Will Sovereign Debt Contagion Cross the Atlantic to the U.S.?


Will their banks be dragged into the crisis?

Even after the massive rescue package ($750 billion) was delivered, confidence in the euro seeped away and it weakened to $1.2320. With U.S. sovereign debt at unacceptable levels too, will the debt 'contagion' cross the Atlantic? More than that, if bond values continue to drop, will the lending banks survive? Can this happen in the States, and will their banks be dragged into the crisis?

President Obama himself gave alarming signals last week, encouraging all parties to come to the rescue. Perhaps he thought his input would add a positive note of confidence to Europe. Why did he get so involved? Was it because of the fear that the U.S. would fall into the same situation?

The package of new loans given to Greece seem to be more than enough to hold off the creditors until Greece has got its budget in order. But can Greece deliver the goods? When their turn comes, can Portugal, Spain, Italy and even the U.K. adjust their budgets to convince future creditors that they can adjust their imbalances in time? Will they be able to repay any of this debt? Will they restore market confidence in their bonds? Countries cannot readjust their focus quickly. It usually involves a decades-long reshaping of a nation. Will the people support their government's commitments? Let's be frank: few believe they will. Remember all that debt to Africa in the last half of last century? It never was repaid and it took the banks 20 years to write it off their balance sheets. But this time we are talking of crises in the developed world. Who's going to bail them out if these loans aren't repaid? Many believe this is the beginning of the end for the euro.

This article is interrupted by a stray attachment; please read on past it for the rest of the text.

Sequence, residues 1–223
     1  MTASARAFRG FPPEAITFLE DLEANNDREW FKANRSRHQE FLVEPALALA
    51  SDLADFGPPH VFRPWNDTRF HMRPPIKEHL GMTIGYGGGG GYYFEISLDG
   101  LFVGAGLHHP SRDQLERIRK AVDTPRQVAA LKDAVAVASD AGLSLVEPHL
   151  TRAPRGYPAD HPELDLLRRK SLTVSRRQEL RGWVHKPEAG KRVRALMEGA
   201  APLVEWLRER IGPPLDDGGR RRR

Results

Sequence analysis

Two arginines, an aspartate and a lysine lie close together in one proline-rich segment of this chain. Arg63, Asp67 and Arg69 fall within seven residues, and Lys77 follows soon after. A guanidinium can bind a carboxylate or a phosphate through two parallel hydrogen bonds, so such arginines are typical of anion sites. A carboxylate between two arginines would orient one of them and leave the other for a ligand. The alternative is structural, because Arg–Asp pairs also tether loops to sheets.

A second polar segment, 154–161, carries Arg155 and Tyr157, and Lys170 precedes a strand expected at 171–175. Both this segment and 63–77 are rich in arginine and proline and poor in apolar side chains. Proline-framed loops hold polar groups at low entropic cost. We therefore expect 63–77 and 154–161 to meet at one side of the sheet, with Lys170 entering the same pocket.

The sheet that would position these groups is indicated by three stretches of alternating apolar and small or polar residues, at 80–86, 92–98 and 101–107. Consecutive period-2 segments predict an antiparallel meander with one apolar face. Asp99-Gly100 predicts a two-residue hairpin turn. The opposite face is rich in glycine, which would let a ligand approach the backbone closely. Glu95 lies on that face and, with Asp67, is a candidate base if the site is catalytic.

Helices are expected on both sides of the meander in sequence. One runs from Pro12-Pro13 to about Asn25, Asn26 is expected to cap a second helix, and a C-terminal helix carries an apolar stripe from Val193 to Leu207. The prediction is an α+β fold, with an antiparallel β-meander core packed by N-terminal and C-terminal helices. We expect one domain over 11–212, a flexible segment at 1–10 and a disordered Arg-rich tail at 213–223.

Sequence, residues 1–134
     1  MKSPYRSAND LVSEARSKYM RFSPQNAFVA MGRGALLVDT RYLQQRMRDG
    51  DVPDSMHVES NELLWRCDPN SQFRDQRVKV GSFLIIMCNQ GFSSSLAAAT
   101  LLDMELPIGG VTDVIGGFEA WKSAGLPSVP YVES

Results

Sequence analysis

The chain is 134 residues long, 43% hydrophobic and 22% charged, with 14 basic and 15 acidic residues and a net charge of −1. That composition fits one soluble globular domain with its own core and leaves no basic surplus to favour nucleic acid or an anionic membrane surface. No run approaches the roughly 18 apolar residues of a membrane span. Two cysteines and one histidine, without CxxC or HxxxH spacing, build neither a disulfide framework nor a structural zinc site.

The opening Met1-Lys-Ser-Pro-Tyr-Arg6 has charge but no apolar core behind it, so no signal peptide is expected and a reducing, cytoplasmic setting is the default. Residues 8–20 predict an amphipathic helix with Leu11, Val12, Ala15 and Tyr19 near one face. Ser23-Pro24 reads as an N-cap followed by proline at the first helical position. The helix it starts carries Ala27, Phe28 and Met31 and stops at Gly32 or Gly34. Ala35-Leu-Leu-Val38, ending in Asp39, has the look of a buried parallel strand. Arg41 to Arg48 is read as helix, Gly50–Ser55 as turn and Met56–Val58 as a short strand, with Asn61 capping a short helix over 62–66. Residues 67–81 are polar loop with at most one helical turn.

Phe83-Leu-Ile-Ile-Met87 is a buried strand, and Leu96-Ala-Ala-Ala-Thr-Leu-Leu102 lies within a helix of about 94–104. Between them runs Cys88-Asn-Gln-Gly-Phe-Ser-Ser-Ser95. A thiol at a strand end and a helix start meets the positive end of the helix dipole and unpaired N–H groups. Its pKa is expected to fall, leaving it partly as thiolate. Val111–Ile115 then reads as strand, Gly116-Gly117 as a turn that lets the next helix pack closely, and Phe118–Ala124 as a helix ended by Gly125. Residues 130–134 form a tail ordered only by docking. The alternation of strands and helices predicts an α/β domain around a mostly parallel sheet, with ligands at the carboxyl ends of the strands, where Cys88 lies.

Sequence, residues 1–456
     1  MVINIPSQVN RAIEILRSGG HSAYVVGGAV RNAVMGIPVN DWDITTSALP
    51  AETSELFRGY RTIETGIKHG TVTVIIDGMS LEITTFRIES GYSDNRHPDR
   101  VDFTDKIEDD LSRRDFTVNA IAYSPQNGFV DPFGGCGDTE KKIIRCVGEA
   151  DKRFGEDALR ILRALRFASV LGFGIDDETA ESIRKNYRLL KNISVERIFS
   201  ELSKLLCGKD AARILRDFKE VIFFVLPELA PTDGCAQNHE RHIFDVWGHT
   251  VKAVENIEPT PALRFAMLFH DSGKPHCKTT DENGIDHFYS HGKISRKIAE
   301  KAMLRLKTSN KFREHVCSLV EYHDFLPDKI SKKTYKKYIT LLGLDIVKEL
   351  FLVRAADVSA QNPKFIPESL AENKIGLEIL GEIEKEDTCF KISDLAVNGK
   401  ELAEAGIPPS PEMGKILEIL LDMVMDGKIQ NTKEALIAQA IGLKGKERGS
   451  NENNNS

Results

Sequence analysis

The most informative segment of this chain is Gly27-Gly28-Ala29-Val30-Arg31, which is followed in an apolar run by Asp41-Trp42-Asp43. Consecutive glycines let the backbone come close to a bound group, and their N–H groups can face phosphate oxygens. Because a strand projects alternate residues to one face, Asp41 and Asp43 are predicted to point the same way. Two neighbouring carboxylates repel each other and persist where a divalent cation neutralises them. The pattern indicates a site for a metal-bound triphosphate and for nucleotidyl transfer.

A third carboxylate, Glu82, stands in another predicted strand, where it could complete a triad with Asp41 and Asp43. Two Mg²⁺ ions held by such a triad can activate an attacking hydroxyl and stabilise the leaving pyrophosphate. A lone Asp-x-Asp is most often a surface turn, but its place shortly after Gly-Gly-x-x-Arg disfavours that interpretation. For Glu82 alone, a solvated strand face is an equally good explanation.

The U.S. has a chronic debt problem of its own and has not addressed it properly yet. Oh yes; it is the biggest economy on earth, so one would expect all others to need it too much. Yes, it is too big to fail; or is it?

No wonder 'swap' lines have been re-opened again. These are lines of dollars given to European banks against the supply of euros in exchange for them. These are given on the understanding that they will be returned in the short-term. Their purpose is to “supply dollar liquidity” to the banks there. They are very useful in intervening in emotional markets to calm them, then when all is quiet the swap back takes place. But what if confidence is so damaged that the crisis moves to medium or long-term? Then as with all lenders they are 'at risk.' Right now they are probably being used to support the euro in foreign exchanges. If speculators gang up together and sell euros against their buying, will more dollars have to be 'swapped?'

If markets get the message that Sovereign debts are not good investments, then U.S. Treasuries could fall foul of that fear. For over a year, China has been expressing fears over the value of treasuries. What if they decide not to keep lending their surpluses back into the U.S. or just slow them? The global monetary system will then change through crisis. These questions are on the brink of being answered and most think that the answers will hurt us all.

That's why the gold market is so strong. But will it stay strong?

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